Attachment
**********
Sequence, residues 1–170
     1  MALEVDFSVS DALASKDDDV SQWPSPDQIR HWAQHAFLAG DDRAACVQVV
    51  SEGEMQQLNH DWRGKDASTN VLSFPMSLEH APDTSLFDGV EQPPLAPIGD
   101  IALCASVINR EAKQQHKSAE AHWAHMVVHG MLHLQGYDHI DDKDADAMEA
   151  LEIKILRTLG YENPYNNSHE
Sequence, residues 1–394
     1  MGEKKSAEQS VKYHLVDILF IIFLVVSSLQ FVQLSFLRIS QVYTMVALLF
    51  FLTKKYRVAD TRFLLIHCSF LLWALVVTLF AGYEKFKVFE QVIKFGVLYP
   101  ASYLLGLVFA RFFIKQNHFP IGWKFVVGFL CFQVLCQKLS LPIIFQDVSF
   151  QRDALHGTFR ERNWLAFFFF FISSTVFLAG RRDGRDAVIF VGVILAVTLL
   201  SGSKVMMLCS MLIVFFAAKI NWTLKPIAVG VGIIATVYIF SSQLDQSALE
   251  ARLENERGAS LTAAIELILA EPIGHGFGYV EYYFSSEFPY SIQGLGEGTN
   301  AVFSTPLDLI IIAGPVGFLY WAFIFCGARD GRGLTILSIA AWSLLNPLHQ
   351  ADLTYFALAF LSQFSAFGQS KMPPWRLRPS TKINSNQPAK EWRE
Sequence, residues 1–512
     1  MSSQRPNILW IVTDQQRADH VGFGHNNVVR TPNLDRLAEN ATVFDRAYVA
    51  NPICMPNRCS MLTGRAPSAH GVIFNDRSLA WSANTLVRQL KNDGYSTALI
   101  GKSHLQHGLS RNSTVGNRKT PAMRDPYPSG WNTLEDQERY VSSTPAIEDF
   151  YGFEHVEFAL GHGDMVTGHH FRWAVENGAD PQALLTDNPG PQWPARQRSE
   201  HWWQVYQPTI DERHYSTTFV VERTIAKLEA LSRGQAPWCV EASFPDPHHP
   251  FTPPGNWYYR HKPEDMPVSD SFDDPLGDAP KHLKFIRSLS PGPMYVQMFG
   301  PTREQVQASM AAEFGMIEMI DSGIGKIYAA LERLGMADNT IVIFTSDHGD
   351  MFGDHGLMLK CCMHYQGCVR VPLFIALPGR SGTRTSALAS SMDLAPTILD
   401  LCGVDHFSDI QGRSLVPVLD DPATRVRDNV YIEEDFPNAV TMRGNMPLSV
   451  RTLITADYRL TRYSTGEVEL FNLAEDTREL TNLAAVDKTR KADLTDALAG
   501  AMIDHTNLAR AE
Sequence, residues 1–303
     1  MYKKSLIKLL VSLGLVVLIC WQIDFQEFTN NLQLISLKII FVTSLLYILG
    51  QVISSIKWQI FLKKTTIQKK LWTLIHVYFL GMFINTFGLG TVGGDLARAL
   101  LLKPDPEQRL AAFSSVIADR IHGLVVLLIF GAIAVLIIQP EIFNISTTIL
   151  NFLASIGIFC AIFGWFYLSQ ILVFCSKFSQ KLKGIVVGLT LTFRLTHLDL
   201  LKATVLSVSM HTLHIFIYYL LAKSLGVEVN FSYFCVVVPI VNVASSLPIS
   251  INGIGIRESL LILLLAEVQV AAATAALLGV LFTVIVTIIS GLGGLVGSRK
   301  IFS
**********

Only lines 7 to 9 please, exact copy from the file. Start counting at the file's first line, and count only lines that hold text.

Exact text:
     1  MGEKKSAEQS VKYHLVDILF IIFLVVSSLQ FVQLSFLRIS QVYTMVALLF
    51  FLTKKYRVAD TRFLLIHCSF LLWALVVTLF AGYEKFKVFE QVIKFGVLYP
   101  ASYLLGLVFA RFFIKQNHFP IGWKFVVGFL CFQVLCQKLS LPIIFQDVSF